Actor/Producer David Arquette joins Joe & Josh to discuss the movies that made him. Show Notes: Movies Referenced In This Episode Scream (1996) Never Been Kissed (1999) 3,000 Miles To Graceland (2001) Bone Tomahawk (2015) Spree (2020) Gremlins (1984) Muppets From Space (1999) It’s A Very Merry Muppet Christmas Movie (2002) Unforgiven (1992) The World…

Gilbert Hernandez

Legendary indie comics creator Gilbert Hernandez sits with Josh and Joe to discuss some of the more offbeat movies that made him. Show Notes: Movies Referenced In This Episode Matinee (1993) The Wolf Man (1941) Frankenstein (1931) Son of Frankenstein (1939) The Time Travelers (1964) The Incredible Shrinking Man (1957) Five Million Years To Earth/Quatermass…

Illeana Douglas

Actress/Producer/Writer/Director Illeana Douglas (Cape Fear, Ghost World, Grace of My Heart) sits with Josh and Joe to talk about her 10 all time favorite movie scenes. Show Notes: Movies Referenced In This Episode Cape Fear (1991) The Narrow Margin (1952) To Die For (1995) Grace of My Heart (1996) Ghost World (2001) Charade (1963) The…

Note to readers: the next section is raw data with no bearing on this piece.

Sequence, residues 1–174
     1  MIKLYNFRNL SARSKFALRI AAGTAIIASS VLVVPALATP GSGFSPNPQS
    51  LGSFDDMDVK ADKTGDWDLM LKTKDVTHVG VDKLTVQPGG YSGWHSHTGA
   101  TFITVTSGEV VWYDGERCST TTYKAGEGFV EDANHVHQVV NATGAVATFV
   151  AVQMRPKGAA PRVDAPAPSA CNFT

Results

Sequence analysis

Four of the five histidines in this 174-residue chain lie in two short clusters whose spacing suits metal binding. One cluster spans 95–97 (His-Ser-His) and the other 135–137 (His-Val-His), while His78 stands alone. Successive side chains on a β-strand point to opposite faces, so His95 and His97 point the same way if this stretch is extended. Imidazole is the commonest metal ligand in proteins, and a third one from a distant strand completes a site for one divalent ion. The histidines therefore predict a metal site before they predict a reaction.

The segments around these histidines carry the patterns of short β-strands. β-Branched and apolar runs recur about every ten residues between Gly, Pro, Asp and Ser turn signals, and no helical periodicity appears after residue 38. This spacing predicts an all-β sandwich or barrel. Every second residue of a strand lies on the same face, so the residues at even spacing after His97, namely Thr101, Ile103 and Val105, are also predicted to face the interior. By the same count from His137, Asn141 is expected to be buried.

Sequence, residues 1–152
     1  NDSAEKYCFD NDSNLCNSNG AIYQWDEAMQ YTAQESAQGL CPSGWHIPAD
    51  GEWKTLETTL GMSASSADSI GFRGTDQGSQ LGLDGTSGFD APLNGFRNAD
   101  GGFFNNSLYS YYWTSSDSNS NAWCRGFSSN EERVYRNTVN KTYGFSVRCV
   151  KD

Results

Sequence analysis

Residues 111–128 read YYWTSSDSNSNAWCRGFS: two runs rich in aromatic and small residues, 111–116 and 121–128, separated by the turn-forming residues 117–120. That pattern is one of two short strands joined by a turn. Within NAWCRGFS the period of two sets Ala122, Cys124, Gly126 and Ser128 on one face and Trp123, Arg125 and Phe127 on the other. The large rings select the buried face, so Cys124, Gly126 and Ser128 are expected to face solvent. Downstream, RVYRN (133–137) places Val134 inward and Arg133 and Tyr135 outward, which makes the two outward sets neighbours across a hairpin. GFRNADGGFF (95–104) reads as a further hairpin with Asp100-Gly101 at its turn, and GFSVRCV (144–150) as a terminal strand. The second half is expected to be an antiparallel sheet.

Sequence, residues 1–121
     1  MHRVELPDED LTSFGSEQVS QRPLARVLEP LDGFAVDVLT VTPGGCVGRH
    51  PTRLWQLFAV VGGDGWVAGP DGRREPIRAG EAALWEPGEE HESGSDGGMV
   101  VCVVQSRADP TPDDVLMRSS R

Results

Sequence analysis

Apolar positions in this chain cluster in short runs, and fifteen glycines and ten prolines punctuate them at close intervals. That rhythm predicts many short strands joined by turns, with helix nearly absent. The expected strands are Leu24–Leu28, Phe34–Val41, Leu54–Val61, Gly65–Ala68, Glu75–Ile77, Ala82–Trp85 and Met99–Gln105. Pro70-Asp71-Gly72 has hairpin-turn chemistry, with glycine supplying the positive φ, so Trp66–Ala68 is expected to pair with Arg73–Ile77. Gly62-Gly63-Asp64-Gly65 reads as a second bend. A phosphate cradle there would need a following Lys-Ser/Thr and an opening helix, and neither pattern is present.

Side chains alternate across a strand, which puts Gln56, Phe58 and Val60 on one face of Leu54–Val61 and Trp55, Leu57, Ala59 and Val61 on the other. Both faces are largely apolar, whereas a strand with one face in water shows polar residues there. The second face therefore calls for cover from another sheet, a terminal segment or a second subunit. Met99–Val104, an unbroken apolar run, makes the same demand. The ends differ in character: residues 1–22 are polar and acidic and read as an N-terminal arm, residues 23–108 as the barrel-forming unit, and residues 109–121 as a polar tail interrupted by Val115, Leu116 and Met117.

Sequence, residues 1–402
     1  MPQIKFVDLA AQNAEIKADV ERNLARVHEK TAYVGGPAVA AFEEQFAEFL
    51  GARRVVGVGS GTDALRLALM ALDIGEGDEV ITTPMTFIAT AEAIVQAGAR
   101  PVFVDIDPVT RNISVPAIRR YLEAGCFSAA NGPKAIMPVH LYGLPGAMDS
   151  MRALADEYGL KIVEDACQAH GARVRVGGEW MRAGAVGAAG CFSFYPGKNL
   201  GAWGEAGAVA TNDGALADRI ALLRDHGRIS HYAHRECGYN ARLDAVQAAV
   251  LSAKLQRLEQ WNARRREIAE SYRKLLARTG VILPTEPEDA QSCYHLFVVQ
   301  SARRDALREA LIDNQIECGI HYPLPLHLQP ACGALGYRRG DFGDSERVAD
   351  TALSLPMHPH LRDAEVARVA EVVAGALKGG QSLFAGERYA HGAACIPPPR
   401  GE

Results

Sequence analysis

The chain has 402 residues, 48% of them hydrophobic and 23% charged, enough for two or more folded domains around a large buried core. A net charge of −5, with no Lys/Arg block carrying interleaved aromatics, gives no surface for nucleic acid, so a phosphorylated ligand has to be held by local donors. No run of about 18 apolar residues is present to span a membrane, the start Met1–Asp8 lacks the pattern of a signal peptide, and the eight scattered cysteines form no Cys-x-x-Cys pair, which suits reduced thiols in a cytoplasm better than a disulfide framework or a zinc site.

Articles

THE LOVED ONE / BROKEN ARROW

by Charlie Largent

The Loved One  Blu-ray Warner Archives 1965 / B&W / 1:85 / / 122 min. / Street Date May 9, 2017 Starring: Robert Morse, Jonathan Winters, Anjanette Comer. Cinematography: Haskell Wexler Film Editor: Hal Ashby, Brian Smedley-Aston Written by Terry Southern, Christopher Isherwood Produced by Martin Ransohoff (uncredited), John Calley, Haskell Wexler Directed by Tony…

Lone Wolf and Cub

by Glenn Erickson

You’ll always be careful with knives after seeing the outrageous, impossibly gory violence of this brain-warping samurai series from the early 1970s. Tomisaburo Wakabayashi rolls his tiny tot Daigoro through feudal Japan, looking for trouble. There’s simply been nothing like it: breathtakingly beautiful images aestheticize bloodletting as never before or since. Lone Wolf and Cub…

The Snake Pit

by Glenn Erickson